Rape once, rapist for life?
Labeled thus, must I remain
his victim? Fuck no.

Release me from him.
That gentle, relentless press,
of body and mind. 

 I typed the name of my assailant into the computer and found him here and there and everywhere, a common name linking strangers whose faces I searched for familiarity. I recognized all; I recognized none. Such is the landscape in “Cabot Wright Begins.”

“The world inhabited by Cabot Wright is very like ours,” short story writer Tom Conoboy wrote in a 2011 review. “What we have are men and women much like ourselves, acting much like ourselves, except… except…. They seem real but they clearly are not. And it’s that discordance again, the unsettling way the reader is drawn down a seemingly familiar path only to emerge into a wholly alien landscape. And so readers can become challenged by the world that Purdy presents. One has to learn how to read him.”

Conoboy’s review is useful in understanding Purdy, who described his own style of writing as both realistic and symbolic: “The outer texture is realistic, but the actual story has a symbolic, almost mythic quality.”

“Readers unable to discard their literal approaches to fiction – and there are, alas, many of them – may balk at this but, of course, what we are dealing with here is allegory,” Conoboy wrote. “What makes Purdy’s approach challenging, though, is the … way he melds reality and allegory in such a distinctive manner.

“So, if one accepts the allegorical nature of Purdy’s fiction, what is Cabot Wright Begins about? Purdy himself puts it simply: it’s ‘about how awful America is.’ It is a direct attack on the rapacity of a consumer society that is turning on itself and eating itself alive.”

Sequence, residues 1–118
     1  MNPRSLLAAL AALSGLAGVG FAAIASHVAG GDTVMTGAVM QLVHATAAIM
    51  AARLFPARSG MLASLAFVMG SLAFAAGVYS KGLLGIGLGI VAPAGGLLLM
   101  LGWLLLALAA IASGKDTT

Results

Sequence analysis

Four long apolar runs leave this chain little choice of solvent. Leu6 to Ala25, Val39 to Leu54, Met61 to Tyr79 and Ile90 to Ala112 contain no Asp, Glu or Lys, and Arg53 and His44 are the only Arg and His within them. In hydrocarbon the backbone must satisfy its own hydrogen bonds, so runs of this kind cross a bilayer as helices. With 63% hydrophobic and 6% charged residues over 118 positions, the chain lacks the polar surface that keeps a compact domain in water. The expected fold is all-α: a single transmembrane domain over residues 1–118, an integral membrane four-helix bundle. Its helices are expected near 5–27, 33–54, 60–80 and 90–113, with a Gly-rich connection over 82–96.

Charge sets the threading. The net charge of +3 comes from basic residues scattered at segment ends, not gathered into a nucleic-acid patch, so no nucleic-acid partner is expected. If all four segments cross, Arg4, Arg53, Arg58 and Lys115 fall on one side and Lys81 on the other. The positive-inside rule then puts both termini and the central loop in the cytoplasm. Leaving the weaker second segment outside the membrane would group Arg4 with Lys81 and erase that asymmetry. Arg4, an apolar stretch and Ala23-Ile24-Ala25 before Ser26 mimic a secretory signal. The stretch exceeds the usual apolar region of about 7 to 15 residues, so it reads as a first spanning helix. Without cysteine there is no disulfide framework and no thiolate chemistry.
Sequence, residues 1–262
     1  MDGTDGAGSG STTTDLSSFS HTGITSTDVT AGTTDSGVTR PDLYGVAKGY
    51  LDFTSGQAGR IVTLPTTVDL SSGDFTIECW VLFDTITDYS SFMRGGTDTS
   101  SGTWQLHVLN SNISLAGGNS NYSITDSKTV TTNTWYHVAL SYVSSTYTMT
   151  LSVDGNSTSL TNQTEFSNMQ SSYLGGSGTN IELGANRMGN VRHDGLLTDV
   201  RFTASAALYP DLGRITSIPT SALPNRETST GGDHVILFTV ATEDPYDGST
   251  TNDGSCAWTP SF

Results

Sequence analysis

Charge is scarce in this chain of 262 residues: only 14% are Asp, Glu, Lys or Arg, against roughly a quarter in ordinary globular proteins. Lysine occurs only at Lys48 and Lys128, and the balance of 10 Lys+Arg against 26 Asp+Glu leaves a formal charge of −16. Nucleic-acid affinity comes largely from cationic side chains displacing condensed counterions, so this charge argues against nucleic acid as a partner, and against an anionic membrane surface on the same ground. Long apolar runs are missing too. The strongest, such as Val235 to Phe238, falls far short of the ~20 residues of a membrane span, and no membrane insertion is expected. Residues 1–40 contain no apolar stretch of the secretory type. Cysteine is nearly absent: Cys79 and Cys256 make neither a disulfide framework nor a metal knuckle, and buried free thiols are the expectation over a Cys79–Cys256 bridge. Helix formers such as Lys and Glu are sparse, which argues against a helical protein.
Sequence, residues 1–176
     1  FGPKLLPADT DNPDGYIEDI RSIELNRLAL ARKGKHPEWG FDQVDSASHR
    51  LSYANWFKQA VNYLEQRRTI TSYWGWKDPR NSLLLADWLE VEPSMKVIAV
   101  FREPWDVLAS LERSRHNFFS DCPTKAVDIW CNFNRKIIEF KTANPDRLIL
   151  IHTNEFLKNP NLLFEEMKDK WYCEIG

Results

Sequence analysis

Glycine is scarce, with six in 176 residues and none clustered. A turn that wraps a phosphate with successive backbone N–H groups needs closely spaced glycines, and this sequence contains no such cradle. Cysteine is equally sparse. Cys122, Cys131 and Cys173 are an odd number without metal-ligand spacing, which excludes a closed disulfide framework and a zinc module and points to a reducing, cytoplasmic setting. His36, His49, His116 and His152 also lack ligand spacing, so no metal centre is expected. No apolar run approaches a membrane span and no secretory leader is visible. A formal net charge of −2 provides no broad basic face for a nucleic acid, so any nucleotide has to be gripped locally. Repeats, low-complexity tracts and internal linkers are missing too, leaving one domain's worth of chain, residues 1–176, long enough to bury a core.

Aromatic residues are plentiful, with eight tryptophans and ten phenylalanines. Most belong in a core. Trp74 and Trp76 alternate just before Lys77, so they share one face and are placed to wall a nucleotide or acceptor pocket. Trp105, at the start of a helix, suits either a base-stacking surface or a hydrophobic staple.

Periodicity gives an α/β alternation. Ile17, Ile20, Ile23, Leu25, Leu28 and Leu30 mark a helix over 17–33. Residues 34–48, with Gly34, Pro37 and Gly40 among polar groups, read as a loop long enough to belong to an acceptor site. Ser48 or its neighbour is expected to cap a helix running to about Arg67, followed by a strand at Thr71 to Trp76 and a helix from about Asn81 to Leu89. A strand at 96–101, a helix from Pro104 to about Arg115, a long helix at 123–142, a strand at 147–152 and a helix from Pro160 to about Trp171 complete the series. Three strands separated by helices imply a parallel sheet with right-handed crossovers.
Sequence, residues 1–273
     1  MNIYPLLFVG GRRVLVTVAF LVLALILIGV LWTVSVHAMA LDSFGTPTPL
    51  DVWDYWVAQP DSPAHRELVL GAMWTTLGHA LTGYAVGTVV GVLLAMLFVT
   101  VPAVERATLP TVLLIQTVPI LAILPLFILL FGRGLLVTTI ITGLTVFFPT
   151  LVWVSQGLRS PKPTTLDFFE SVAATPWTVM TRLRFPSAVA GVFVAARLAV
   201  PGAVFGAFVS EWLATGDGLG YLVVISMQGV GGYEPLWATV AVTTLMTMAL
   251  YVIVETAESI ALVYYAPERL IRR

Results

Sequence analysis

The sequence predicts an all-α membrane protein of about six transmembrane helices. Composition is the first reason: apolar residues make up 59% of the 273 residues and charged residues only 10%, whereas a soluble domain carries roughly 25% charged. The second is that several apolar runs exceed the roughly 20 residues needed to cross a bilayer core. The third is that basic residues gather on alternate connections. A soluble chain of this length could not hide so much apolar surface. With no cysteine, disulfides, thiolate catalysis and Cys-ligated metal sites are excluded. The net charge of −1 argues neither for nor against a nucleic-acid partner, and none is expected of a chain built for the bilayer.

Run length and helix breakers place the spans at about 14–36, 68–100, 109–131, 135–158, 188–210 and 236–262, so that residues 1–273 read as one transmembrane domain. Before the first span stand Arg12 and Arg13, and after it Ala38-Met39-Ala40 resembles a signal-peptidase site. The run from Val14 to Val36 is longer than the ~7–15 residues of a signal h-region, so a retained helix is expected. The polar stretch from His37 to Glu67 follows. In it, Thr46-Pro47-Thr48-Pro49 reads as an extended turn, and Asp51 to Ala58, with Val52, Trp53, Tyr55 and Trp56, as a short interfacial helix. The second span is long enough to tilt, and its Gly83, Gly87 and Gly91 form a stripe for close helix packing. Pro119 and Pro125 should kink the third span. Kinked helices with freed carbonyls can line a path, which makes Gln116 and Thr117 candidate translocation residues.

This portion of the book where Purdy indulges in biting criticism of television, publishing, Wall Street, race, urban poverty, sex and the false values of American culture is prophetic given that he wrote it in 1964. Romping sentences like this were fun to read:

“Pleasure died 40 years ago in America, perhaps further back, in a wave of carbon monoxide, gasoline, cigarettes for dames, the belief in everything and everybody, tolerance for the intolerable, the hatred of being alone in silence for more than 20 seconds, the assurance that immortality was Americans eating all-cow franks, with speeded-up peristalsis while talking to a crowd of fifteen trillion other same bodies eating sandwiches, gassing cokes, peristalsing, and talking ….”

Begin or not with Cabot Wright, but read Purdy. His acerbic wit entertained, his story disturbed, and together it was just enough to counter the irritation to injuries covered in twenty years of scar tissue.

“I’m sorry,” he said,
from inside my mind. I hear
words long desired.

To forget I must
forgive him without cheapening
once upon a time.

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5 responses to “Microreview: On the defense, James Purdy”

  1. Chelsey says:

    Very brave post. xxoo

  2. Andrea says:

    Wow, Rachel, this is intense. Memory of an attempted rape in haiku is amazing. And the way you combine it with the book review and your self-defense class with your daughter blows me away. I encourage you to submit this piece somewhere. The most important message here, for me (as a mother of lots of sons) is: ” I must foster courage and caution in my daughter and my sons, teaching them respect for sex and boundaries with those they will desire.” Where do we even begin?

  3. kyndale says:

    I think you of an extremely strong woman. If it can happen to you, it can happen to anyone. I think about how strong you are with boundaries and wonder if your experience has intensified this in you. Love, Kyndale

  4. Rachael says:

    Chelsey, thank you.

    Andrea, I struggled with this for a number of weeks before I was ready to share it. Thank you for your encouraging words. As for where to begin with my children? I have no clear direction other than honest and frequent discussions.

    Kyndale, I hadn’t made that connection, but now I wonder …

  5. I hope the writing and remembering has brought forth some healing, for you and for other readers who have experienced something similar.

    Translating your memories into ways to teach your children is admirable.

    And I wish I could kick this guy in the…